VERY CAREFULLY, using oven mitts or a potholder, remove the hot skillet from the oven. Spray it with non-stick spray. REMEMBER, THE HANDLE IS HOT! Then add the rest of your stick of butter (6 T) and swirl the pan to melt it, so it doesn't burn.

Now quickly add the batter to the hot skillet (THE HANDLE IS STILL HOT! Use your potholder!)


Put the skillet in the oven and bake the pancake for 12 minutes.

Meanwhile, add the pecans to the cooked apples, stir to combine, remove the apples from the heat and keep them warm.

After 12 minutes: Check the pancake: it should be puffy and golden brown. If the center isn't starting to brown yet, give it 1-2 more minutes. It should look like THIS:

Now THAT is what I'm talking 'bout: a big ol' puffy German pancake, perfect for filling with all kinds of delectable goodies. It will deflate some as it cools. (Rats!)

When the pancake is done, take it out of the oven. (AGAIN, HOT HANDLE, people! This advice comes to you from someone who is lucky not to have the impression of a skillet handle burned permanently into the palm of her hand, Raiders of the Lost Ark-style) Pour the juice of a fresh lemon into the center of the pancake and tilt gently so it can spread all over the bottom.

Now, you can either fill the pancake with apples, dust with powdered sugar and take the skillet to the table to serve,
OR,
you can cut the pancake into individual portions with a sharp, serrated knife and put the apples on each individual portion, dusting each with powdered sugar. Since my table is kinda small, that's what I did.

OOOOOOH! PRETTY!! DC's plate

Here is the scorecard on KAREN'S MILE HIGH APPLE PANCAKE
  • Ease of preparation: Bronze Medal. Still easy enough for a beginning cook to prepare, but you do have to fuss with the apples and cook the pancake separately. In my unbiased ;) opinion, the results are worth the extra trouble.
  • Taste: FILLING: 5 Stars! FANTASTIC! We loved the zippiness of the extra cinnamon, the lemon zest, the nutmeg and the mace in the apple filling, as well as the luxurious taste of the pecans.
  • PANCAKE: 5 STARS! Exactly what I was hoping for: light yet buttery-rich. The extra butter really adds a whole new dimension to the flavor. Unfortunately, I don't think it's possible to achieve this great taste without a generous amount of butter. (But thank goodness, this is brunch food, not something we eat everyday.)
  • Texture: FILLING: 2 thumbs up. I was thrilled, again, exactly what I was hoping for: tender but firm, juicy apples, crunchy pecans, in a silky, buttery sauce.
  • PANCAKE: 2 thumbs up: PERFECT! light, puffy, crispy around the edges and a little custardy in the middle.
  • OVERALL SCORE: 5 STARS! We loved it!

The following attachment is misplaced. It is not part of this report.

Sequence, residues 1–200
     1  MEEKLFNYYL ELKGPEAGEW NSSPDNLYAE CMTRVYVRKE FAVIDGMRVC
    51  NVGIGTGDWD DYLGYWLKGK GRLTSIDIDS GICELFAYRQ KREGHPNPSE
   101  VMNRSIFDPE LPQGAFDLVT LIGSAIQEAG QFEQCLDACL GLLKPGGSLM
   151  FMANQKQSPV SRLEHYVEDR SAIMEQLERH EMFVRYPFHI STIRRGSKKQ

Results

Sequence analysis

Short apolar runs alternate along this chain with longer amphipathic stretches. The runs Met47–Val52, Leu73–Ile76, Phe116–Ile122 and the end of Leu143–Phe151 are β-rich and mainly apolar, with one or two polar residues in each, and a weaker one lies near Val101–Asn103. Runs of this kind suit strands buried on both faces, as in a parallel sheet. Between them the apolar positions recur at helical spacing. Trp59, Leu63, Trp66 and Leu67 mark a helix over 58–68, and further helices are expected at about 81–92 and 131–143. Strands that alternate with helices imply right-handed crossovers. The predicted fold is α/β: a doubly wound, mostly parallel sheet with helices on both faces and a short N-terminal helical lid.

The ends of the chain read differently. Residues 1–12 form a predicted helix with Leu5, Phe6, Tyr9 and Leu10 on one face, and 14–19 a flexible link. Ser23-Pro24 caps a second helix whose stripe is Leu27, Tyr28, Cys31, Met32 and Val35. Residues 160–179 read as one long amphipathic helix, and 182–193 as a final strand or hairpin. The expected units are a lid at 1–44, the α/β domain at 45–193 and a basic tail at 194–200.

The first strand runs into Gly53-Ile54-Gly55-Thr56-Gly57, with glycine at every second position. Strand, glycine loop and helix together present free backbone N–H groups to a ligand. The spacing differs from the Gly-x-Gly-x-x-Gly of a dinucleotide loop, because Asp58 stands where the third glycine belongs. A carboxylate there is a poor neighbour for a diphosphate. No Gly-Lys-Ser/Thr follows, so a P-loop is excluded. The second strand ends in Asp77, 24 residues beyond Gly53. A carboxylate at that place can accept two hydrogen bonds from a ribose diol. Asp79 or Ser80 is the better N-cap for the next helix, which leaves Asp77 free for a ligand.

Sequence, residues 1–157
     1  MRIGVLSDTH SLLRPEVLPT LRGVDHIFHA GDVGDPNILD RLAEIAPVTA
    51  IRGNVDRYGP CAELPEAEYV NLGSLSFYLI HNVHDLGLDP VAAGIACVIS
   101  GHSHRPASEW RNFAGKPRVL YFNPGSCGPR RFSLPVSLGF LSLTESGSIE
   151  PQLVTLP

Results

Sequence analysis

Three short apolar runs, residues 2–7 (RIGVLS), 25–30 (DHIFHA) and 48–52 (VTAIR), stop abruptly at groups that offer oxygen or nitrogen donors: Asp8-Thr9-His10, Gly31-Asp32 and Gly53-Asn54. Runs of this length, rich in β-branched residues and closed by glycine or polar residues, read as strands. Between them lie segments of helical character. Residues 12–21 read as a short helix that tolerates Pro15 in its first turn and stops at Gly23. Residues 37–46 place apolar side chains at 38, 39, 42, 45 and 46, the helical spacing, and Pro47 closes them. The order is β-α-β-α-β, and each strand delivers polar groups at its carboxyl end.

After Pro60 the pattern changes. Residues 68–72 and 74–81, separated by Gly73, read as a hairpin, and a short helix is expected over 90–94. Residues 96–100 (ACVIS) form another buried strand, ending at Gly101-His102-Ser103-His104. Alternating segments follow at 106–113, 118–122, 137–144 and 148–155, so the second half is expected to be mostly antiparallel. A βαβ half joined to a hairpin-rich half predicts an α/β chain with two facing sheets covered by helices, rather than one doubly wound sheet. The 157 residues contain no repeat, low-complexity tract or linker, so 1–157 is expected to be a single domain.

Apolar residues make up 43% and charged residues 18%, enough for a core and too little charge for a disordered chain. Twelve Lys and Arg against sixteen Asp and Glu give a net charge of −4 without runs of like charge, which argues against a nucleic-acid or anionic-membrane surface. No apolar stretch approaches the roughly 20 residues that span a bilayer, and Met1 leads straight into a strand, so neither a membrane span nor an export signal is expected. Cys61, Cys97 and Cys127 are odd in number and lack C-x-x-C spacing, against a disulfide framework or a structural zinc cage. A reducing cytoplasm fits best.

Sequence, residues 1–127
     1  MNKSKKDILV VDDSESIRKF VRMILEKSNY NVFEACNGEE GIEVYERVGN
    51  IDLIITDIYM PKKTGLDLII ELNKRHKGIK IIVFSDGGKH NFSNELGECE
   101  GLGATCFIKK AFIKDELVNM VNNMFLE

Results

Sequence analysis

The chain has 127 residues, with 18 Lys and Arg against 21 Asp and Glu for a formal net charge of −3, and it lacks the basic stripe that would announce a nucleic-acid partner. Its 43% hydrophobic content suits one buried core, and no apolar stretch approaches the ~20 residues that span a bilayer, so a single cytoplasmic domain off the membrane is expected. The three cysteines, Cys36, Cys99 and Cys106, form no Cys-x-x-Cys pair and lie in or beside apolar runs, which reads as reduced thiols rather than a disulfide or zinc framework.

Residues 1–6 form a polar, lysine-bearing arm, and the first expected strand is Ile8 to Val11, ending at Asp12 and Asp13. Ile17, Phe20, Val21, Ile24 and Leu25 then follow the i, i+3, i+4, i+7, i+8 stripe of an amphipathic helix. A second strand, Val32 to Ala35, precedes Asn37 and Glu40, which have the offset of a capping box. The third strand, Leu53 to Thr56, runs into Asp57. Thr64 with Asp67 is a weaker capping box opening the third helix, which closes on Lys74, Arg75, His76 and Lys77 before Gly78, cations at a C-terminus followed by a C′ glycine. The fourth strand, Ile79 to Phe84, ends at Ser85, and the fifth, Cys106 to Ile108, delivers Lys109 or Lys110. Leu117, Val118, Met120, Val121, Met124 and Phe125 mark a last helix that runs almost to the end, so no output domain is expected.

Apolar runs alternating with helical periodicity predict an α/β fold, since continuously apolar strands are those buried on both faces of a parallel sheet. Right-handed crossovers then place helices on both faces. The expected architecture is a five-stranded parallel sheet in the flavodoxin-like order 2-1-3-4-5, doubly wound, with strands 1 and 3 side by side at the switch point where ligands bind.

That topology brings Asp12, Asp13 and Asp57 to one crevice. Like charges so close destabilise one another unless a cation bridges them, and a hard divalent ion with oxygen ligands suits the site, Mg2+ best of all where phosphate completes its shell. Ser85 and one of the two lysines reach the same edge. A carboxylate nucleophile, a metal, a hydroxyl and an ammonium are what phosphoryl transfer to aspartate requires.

I AM THE APPLE PANCAKE QUEEN!!

Karen's Mile-High Apple Pancake

Puffy Dutch/German sytle pancake filled with sauteed apples, brown ...

See Karen's Mile-High Apple Pancake on Key Ingredient.



And here's DS, enjoying some soysage along with his Mile-High Pancake


6 comments:

  1. What a super-fantastic post. GREAT job!! How fun are you! They all looks really tasty. Your recommendation for someone who never made them would be??

    ReplyDelete
  2. Hee, hee, mine, of course, (she said modestly)!
    Thanks, Donna! :) Your encouragment and kindness mean the world to me!

    ReplyDelete
  3. I recently came accross your blog and have been reading along. I thought I would leave my first comment. I dont know what to say except that I have enjoyed reading. Nice blog. I will keep visiting this blog very often.


    Alanna

    http://www.craigslisthelper.info

    ReplyDelete
  4. I could *swear* i left a comment here! How weird is that? Anyway, I would have loved to be there to test every single one of these. They all look amazing!

    ReplyDelete
  5. I've tried your wonderful pancake twice now. Really have enjoyed it, but needed to cut down on the sugar and butter - not much of a sweet tooth here. My question is about the lemon juice. I liked the taste of the fresh lemon juice, but have not been able to get an even spread of the lemon taste throughout the pancake. I'm using a 10 in cast iron pan which works great; pouring the lemon juice in the center of the baked pancake, then tilting the pan to all sides. I can hear it sizzle as it reaches the bottom of the pan. Still uneven flavor. Suggestions?

    ReplyDelete
  6. Susan, I tried to email you but didn't have your "real" address. If swirling the lemon juice around in the pan doesn't work, I'd suggest adding a squeeze to each individual serving. That should even things out! I don't know why the swirling works for me but not you. Hope this helps! And thanks for reading!

    ReplyDelete